Songs for the Poor Man
Ongala, Remmy and Orchestre Super Matimila
Passionately Sung Odes to Heal the Soul
Of all the qualities necessary for a healer, compassion is the foundation. This is perhaps why the Zaire-born, Tanzania-based singer Remmy Ongala is known as The Doctor. It's not for his medical skill—he has none—but for songs that speak, with great empathy, about suffering and poverty, trials he knew from personal experience.
Ongala lost his mother when he was nine, and from then on was responsible for the care of his younger siblings. He recalled that, growing up, "I lived in trouble, food was a problem. I picked up bread that others had thrown away. All the songs I sing result from the difficulties I had in the past." His break in music came when an uncle called him to Dar es Salaam to be part of Orchestra Makassy. He later joined the Matimila band, which was "owned" by a local businessman. Eventually he formed his own group, which he called Orchestre Super Matimila.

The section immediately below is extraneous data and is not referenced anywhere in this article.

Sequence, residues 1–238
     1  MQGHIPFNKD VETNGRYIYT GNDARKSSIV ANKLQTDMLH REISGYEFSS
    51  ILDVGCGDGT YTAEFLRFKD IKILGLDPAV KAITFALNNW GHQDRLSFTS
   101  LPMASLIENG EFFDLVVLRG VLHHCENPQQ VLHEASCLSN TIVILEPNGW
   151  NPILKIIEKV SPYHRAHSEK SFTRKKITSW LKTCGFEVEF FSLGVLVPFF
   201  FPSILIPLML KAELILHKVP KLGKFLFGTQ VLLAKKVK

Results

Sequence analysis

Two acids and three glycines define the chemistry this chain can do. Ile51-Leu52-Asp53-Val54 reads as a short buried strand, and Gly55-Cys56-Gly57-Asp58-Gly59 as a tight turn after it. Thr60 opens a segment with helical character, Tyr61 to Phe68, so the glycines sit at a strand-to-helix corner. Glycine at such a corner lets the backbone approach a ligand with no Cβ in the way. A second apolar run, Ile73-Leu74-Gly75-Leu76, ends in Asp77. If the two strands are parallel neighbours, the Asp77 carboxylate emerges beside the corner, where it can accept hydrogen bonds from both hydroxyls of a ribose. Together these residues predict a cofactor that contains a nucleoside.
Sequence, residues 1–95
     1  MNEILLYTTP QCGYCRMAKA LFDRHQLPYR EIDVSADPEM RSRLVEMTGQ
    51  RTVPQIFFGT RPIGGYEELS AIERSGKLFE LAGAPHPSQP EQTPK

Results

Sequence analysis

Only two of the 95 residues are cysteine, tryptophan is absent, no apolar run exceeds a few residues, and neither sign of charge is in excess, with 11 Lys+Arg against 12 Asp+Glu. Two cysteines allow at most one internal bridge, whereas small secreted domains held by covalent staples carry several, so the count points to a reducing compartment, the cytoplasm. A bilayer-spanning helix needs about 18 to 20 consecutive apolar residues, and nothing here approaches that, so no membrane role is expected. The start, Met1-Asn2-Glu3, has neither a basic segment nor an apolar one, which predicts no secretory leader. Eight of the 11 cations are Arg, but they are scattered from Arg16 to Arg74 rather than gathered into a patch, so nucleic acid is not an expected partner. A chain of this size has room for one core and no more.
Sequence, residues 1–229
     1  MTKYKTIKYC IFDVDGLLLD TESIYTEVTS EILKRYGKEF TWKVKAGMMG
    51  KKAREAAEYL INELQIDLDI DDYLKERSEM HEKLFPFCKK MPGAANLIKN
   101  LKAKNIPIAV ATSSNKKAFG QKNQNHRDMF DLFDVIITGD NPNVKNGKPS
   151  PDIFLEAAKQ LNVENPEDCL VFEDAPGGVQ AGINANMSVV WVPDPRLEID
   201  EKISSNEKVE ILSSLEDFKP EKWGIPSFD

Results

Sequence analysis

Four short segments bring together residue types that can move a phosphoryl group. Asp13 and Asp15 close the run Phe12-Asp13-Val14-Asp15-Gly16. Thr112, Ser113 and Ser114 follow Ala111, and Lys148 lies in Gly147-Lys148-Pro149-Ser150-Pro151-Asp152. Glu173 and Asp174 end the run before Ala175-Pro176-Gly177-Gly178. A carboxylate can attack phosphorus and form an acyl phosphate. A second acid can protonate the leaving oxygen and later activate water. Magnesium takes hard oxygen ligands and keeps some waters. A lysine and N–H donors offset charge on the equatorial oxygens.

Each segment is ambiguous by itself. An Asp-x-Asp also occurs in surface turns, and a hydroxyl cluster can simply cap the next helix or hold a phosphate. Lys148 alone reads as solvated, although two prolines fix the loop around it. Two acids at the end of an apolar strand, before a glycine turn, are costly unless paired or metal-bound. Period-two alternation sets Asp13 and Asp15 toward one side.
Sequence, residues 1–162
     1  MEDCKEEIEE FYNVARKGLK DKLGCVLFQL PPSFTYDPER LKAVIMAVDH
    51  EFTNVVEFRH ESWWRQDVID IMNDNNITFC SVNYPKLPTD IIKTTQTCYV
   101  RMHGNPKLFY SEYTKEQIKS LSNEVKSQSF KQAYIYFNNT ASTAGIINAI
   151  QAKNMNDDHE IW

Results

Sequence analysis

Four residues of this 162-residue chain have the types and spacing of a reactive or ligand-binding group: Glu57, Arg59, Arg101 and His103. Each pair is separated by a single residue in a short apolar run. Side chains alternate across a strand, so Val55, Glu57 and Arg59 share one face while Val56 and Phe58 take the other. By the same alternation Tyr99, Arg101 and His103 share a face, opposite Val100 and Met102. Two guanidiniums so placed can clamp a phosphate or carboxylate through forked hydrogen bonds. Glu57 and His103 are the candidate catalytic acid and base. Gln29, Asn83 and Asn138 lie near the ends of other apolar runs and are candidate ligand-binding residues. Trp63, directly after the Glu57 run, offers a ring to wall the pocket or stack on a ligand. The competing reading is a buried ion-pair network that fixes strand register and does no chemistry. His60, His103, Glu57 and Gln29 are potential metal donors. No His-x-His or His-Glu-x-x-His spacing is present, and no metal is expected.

With the elegies and sorrowful laments of Songs for the Poor Man, Ongala transforms his experiences into music of fierce resolve. Every piece is based on the interlaced guitar arpeggios that define soukous, the shimmery Afro-pop dance style. But where conventional soukous is brisk and almost uptight, Super Matimila broadens the backbeats, slows them down, gives them a processional swagger and a touch of East African funk. The rhythm is entrancing without being overpowering, and that's ideal for Ongala, who in some ways is just singing lullabies. Whether his weathered voice is praising the steadfastness of women, or reckoning with death (the amazing "Kifo"), Ongala sounds like one who knows what it's like to be down, and knows, also, that he will not give up.
Genre: World, Tanzania
Released: 1993, Real World
Key Tracks: "Kifo," "Pamella."
Catalog Choice: Orchestra Makassy: Legends of East Africa
Next Stop: Geoffrey Oryema: Exile
After That: Tabu Ley Rochereau: The Voice of Lightness
Book Page: 564